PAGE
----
Fair Use, Licenses and YouTube

Copyright law includes a concept called Fair Use. One of the four factors in Fair Use is the purpose and character of your use. Another is the effect of the use upon work’s value.

Playing a YouTube video in the classroom directly off the Internet is not a violation of Copyright or YouTube’s terms of service. Downloading the video so you can play it in the classroom with blocked Internet access is probably Fair Use and should not affect the work’s value. To ensure this, make sure you play the video all the way thru on your computer at least once. That way the creator will get credit for the video view and there will be no effect on the work’s value.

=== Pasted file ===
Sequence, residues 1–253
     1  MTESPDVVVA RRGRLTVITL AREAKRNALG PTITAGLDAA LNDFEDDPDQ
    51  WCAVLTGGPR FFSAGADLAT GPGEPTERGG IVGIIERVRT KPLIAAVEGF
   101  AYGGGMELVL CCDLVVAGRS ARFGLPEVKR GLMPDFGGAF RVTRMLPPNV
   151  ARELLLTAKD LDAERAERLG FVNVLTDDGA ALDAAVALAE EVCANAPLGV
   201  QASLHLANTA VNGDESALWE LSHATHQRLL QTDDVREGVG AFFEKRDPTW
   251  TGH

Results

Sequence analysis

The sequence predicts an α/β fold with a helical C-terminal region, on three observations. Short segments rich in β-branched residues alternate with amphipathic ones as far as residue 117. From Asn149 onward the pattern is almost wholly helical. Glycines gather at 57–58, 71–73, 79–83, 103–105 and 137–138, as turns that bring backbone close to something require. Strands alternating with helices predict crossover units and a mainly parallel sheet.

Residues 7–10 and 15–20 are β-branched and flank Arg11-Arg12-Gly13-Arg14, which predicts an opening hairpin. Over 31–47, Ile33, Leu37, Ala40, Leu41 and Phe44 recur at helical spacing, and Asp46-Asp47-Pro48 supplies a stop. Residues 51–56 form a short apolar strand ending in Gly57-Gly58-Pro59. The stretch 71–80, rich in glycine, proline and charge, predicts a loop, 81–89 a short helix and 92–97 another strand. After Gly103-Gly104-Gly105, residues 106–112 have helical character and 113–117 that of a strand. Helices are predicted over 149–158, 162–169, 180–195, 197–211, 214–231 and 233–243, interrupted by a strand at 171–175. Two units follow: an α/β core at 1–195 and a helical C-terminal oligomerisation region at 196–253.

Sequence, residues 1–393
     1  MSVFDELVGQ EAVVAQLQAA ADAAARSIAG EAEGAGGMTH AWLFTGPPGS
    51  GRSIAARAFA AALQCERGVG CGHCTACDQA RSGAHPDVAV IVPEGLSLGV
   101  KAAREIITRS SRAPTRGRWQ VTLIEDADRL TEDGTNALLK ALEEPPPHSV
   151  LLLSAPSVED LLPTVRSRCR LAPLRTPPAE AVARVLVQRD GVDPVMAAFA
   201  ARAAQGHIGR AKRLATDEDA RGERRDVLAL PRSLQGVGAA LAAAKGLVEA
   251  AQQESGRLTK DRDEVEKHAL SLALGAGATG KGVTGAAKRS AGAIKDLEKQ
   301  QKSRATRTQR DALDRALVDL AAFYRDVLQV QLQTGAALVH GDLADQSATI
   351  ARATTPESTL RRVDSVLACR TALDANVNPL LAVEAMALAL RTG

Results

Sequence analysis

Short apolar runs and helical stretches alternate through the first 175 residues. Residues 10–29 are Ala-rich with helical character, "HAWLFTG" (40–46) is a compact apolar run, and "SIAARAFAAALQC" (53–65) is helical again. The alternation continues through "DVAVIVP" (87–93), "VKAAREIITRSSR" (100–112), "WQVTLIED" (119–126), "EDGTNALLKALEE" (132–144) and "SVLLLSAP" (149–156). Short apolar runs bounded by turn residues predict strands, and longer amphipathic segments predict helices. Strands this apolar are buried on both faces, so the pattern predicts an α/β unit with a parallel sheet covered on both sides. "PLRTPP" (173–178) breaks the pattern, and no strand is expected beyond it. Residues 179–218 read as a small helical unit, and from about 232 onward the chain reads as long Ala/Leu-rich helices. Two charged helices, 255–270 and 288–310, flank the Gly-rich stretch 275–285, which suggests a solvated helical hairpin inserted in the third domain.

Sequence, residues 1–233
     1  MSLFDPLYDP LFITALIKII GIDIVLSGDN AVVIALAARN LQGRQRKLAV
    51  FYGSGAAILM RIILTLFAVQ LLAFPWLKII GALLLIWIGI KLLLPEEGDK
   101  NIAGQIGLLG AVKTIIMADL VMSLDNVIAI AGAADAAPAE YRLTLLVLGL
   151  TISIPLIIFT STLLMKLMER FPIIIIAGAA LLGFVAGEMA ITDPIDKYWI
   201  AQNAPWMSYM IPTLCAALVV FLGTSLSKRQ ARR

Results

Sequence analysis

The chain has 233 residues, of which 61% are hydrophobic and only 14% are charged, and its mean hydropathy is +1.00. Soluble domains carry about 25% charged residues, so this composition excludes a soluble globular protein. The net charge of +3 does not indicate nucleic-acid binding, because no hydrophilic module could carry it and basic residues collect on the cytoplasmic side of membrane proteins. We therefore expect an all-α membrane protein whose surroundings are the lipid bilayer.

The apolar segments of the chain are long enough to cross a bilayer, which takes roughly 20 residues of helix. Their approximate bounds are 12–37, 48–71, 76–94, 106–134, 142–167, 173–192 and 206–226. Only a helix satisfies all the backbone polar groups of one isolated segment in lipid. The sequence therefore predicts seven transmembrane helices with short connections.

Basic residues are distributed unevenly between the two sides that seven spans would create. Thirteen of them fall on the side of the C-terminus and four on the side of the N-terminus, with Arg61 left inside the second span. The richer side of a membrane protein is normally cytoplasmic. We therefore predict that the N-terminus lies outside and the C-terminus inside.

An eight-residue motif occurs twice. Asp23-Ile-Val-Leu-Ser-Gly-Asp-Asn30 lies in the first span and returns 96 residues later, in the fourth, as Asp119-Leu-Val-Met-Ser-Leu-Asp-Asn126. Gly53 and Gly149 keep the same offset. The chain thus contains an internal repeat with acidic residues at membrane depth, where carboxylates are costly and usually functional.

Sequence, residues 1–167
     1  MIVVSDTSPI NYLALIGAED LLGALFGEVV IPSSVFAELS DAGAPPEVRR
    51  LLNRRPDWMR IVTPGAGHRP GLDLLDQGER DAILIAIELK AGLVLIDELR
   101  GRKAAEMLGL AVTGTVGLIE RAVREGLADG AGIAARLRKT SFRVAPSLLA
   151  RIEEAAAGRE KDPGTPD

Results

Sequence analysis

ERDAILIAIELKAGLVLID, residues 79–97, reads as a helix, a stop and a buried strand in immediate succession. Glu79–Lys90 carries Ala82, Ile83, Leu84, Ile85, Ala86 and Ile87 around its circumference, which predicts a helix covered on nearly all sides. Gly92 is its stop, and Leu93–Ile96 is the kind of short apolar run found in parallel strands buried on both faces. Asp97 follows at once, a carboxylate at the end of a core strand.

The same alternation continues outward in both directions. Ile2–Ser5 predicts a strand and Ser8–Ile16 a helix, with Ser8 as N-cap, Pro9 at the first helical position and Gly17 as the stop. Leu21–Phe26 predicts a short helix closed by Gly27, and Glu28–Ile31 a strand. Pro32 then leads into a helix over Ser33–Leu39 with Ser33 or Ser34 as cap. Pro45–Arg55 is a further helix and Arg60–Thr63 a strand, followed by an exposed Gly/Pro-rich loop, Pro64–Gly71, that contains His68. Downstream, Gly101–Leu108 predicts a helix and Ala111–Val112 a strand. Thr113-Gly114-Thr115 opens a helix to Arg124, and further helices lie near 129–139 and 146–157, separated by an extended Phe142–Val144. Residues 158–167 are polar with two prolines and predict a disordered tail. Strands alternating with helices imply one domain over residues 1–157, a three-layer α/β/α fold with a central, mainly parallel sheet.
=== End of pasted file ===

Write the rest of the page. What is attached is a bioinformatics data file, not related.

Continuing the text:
On the other hand, if you give copies of the video file to everyone in the classroom (lowering the work’s value), that would be crossing the line.

Giving everyone the URL link to the video (or embedding YouTube video links in a web page, as we do here) does not affect the work’s value as people are still viewing the video thru YouTube, and the creator will get the appropriate credit.

As with all things legal, your mileage may vary.

The best solution would be to just give teachers a way to bypass the firewall when needed.